Documentary Review – Planet Earth – Episode 7, Great Plains
It’s astonishing to me how simple and brutal nature is and how terrifyingly obtuse humans have become in our incredibly minute presence in history on this earth.
Providing a cross section of all the major grassland ecosystems on the earth, this episode captures the immense importance water plays in the cycle of life. The first part of the show follows the nesting of snow geese, who try to protect their eggs and young from Arctic foxes. While watching, I was reminded of a time when I lived in a cabin on a lake in Southern Oregon. During my first year there, two Canadian geese attempted to raise their young on an old log in the water that we used as a wave break for our dock. Every morning, I would hop in the boat and back out slowly, passing the goose, laying on her eggs only a few feet from my boat. One day, I looked down form the cabin and could see a family of geese on the bank – she had successfully hatched her tiny, yellow gosling and I had a front row seat.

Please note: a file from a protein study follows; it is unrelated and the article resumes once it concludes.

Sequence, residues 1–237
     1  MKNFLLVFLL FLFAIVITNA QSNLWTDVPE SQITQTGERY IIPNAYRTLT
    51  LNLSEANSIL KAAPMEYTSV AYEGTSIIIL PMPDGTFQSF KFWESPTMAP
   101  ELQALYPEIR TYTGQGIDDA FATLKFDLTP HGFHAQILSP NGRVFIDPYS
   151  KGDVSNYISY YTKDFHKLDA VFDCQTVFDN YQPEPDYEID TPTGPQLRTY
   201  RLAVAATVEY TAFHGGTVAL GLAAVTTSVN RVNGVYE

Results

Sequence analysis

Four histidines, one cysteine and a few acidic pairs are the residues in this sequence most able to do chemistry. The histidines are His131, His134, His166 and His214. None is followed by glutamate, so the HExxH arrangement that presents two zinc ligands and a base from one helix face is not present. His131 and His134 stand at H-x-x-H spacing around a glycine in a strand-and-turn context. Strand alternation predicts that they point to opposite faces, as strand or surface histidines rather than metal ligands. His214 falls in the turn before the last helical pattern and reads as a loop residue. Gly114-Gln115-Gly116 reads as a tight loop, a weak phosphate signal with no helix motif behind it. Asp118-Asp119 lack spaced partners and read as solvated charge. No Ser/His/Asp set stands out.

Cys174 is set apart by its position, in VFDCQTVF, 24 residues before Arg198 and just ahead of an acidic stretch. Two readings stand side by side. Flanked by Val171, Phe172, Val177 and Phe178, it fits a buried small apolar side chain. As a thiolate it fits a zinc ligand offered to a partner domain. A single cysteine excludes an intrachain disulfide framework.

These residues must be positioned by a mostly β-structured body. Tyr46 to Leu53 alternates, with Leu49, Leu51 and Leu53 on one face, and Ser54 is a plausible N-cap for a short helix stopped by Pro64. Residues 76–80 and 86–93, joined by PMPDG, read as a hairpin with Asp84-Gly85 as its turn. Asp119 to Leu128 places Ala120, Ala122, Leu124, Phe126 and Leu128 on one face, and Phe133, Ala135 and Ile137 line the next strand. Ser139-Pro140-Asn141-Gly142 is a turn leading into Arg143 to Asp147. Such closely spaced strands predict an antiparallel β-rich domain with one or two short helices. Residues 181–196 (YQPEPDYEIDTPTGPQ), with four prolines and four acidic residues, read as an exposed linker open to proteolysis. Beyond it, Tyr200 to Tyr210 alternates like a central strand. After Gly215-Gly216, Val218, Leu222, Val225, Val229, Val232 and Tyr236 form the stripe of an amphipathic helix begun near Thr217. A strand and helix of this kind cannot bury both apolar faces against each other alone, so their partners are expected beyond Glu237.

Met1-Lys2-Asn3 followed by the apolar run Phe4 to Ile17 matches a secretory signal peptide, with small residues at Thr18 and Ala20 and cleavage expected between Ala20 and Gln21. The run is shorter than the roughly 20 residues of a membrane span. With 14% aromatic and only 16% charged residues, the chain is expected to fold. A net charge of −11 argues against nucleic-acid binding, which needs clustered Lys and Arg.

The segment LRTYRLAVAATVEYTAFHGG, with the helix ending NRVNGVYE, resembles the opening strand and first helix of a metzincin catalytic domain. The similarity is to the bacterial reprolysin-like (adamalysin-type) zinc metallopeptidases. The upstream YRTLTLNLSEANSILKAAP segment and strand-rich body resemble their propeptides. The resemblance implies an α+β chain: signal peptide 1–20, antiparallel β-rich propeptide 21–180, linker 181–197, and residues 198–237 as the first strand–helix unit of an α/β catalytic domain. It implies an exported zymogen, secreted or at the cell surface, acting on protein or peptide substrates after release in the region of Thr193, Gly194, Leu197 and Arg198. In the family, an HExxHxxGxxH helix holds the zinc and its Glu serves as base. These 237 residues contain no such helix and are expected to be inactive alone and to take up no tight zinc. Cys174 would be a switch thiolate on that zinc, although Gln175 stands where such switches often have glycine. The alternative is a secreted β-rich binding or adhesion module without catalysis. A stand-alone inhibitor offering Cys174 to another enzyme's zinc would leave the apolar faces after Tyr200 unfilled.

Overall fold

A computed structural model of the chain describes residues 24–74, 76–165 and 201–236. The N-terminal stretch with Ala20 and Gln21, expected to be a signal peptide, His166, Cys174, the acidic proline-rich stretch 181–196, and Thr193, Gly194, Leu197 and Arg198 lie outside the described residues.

The second half of the hour moved through the Tibetan Plateau, and then into the African Savannah to watch elephants desperately drinking from a water hole, next to a pride of lions. In the end, as night came, one unlucky elephant was served up as the prides’ weekly meal.
It begs the question: to what do we accredit ourselves as being those so highly evolved? Are we much better than this, than these animals and their feast and famine existence? Do we, as humans, not also operate from the base of our instincts to eat, have shelter and procreate? Is it because we think and can reason and can formulate thoughts within our heads and bring them about in the physical world? In the end of all our striving, are we yet still not simply animals on the prairie, taking what we can, consuming what befalls us?
If you want an intense experience, I recommend you watch this series. It will definitely make you question how man might fit in the world around him.